Could Maslow’s Hierarchy of “Needs” be viewed as a theory of evolution?


Abraham Harold Maslow, An American psychologist (Apr 1, 1908-June 8 1970) who was best known for creating Maslow’s hierarchy of needs, a theory of psychological health predicated on fulfilling innate human needs in priority, culminating in self-actualization.

Early on, Maslow studied such things as primate behavior and sexuality.  Are we not descendants of primates? What is sexuality other than a basic human drive to pro-create. Animals do not have sex out of desire, they engage in sex to create life. 1+1=2, 2+2=4, it is evolution. The difference between what some call our “monkey brain” and the human brain is that the human brain has found beauty and desire in pro-creation. We find pleasure in it because it is pleasurable to unite with another. It feels good. But, the basic human need to procreate is what drives it.

Later, he studied psychology and began to question previous assumptions made by psychologists. Driven to prove that not all human behavior was motivated my negativity. He began to question their conclusions but had his own ideas on how to study the human mind. Unlike some of his predecessors, he studied successful people. He studies with anthropologist Ruth Benedict and psychologist Max Wertheimer and regarded them both highly for their successes in both their personal and professional lives. He began to study their behaviors. This began his lifelong research and thinking about mental health and human potential

He studied and expounded on others ideas. He wrote extensively on a few concepts he developed; hierarchy of needs his best known. He considered himself a psychological pioneer. Many agree, as evidenced by how often we hear and see the hierarchy of needs presented to explain human behavior. His work continues to be the basis of many other theories, including my own.

In 1943, Maslow proposed in his theory in a paper entitled “A Theory of Human Motivation”  in Psychological Review. A closer look at his theory of motivation could hold a key to the theory of evolution.

Maslow studied what he called exemplary people. Rather than focus on mentally ill or neurotic people, writing “the study of crippled, stunted immature, and unhealthy specimens can yield only a cripple psychology and a cripple philosophy. He focused on those who “self-actualized.” He believed that every person has a strong desire to realize his or her full potential.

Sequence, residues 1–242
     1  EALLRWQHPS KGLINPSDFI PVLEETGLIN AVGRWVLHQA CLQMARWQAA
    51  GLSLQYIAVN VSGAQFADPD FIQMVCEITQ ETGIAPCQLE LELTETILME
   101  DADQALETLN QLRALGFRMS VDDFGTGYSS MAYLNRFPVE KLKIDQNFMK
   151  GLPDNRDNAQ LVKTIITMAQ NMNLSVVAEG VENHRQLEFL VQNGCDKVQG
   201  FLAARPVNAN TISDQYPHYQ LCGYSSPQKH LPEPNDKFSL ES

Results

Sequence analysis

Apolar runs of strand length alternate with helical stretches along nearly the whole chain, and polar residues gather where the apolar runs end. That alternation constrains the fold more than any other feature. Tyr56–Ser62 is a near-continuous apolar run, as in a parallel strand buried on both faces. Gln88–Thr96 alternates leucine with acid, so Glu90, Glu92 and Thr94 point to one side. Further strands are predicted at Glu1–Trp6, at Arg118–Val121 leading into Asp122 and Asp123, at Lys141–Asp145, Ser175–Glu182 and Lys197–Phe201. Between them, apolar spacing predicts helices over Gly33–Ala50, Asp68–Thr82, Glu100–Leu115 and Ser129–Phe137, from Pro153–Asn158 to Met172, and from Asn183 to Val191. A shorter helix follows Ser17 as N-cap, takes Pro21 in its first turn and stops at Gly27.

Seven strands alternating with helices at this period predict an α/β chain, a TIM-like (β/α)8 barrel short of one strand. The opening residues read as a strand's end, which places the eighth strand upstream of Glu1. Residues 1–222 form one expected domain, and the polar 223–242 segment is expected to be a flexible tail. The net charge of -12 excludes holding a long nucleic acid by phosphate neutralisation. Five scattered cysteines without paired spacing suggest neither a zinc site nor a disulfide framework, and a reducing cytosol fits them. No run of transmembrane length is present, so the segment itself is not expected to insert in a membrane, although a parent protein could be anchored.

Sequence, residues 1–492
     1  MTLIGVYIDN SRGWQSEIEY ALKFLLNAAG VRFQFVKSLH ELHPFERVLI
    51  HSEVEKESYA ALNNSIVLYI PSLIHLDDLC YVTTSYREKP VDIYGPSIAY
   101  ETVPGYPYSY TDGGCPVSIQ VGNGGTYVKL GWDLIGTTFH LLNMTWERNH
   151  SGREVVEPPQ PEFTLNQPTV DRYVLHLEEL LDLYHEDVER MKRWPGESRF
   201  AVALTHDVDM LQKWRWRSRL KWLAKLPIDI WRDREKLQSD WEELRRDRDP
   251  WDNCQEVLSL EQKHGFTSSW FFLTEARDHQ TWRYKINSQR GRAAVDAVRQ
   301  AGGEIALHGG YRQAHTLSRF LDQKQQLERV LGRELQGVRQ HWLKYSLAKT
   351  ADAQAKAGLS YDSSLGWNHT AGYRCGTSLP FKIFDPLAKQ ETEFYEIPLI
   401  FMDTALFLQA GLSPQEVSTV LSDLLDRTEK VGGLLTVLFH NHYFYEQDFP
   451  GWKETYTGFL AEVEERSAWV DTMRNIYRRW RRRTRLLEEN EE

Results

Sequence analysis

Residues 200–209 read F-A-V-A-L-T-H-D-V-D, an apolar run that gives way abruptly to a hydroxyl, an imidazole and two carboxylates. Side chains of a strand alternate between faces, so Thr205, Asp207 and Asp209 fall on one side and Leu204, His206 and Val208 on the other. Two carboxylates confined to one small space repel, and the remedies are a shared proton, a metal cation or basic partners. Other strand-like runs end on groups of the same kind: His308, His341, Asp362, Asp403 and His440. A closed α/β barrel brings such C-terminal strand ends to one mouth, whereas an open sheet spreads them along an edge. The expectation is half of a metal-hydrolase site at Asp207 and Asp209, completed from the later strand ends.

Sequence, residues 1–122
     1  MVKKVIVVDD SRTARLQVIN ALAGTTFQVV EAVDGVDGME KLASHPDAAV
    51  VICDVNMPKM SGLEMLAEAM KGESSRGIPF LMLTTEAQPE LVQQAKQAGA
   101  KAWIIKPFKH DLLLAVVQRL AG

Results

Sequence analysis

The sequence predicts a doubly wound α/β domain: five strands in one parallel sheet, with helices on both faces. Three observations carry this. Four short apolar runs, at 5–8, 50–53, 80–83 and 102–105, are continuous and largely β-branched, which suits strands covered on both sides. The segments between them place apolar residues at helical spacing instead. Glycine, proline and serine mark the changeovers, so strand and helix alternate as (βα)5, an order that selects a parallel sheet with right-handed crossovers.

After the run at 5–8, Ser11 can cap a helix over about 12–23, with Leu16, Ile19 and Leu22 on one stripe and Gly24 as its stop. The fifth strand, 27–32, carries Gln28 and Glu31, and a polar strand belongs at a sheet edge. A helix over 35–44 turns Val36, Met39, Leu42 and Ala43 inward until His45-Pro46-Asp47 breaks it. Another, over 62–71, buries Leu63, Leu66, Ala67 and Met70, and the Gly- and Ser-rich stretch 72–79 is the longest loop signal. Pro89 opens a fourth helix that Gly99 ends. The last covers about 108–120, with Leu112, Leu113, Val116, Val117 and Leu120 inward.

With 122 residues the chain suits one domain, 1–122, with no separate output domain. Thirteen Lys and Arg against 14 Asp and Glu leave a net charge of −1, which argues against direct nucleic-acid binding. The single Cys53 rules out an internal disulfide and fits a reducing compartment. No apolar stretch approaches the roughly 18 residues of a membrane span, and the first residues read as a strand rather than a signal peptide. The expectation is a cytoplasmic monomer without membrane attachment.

He wanted to prove that humans are not blindly reacting to situations but trying to accomplish something greater. Is that not what self actualization is? Do we all not have the drive to be more, do more, create more? His theory of self actualization talks of a coherent personality syndrome, which represents optimal health and functioning. Is this similar to the union of body-mind-spirit? When we are congruent and our body is aligned with our mind and we follow our heart or intuition or spirit, we become self actualized.

When society becomes congruent, perhaps we actualize through evolution. Do we put our thoughts and energy into destruction and war or peace and love? Are mental diseases a sign of incongruence? Does that prevent us from striving for greater things, one of our basic human drives?

As we humans, we evolved to use only two legs, we evolved to express our human spirit through art. We evolved through our constant curiosity and questions and imagination. We create through engineering and physics and science. We study the world around us and we make it better. We study the body and the human condition and we create medicine, extending our lives and our ability to evolve. When we limit ourselves, on the other hand, we become stagnant. When we believed in our ability to get to the moon, we made it happen. When someone has a vision and makes it a reality, they are actualizing that vision. Do we not do the same when we focus on the negative? Negative emotions like greed, hatred, lust (attachment) limit us. They keep us stuck to the ball and chain and we lose our ability to be visionaries. We limit our thinking and thus limit our actions.

We evolved through the first biological needs for food and air and shelter, through sexuality we expressed our need to procreate. We created safety for ourselves in our homes. When we secure resources that provide for our basic needs. We create walls around things we wish to preserve and protect. When those basic human needs were met, we longed for communities and we banded together in tribes and cities. We have an instinctual need for community because the life we have evolved into cannot exist in a vacuum. We need other people. We need someone to farm the soil, to tend the crops, to harvest them. We need someone to study the body and teach us how to heal so that we can endure, live longer, evolve. We need someone to study the mind so that we can learn to control our thoughts, and master our minds in an effort to evolve. We cannot do all of this alone, as we evolve and we fulfill the needs in our hierarchy, there is more to be done. Necessity is the mother of invention after all. We needed to communicate with each other, so we created art and language. Now we begin to share the lessons with each other, we can all learn from one another, in order to evolve.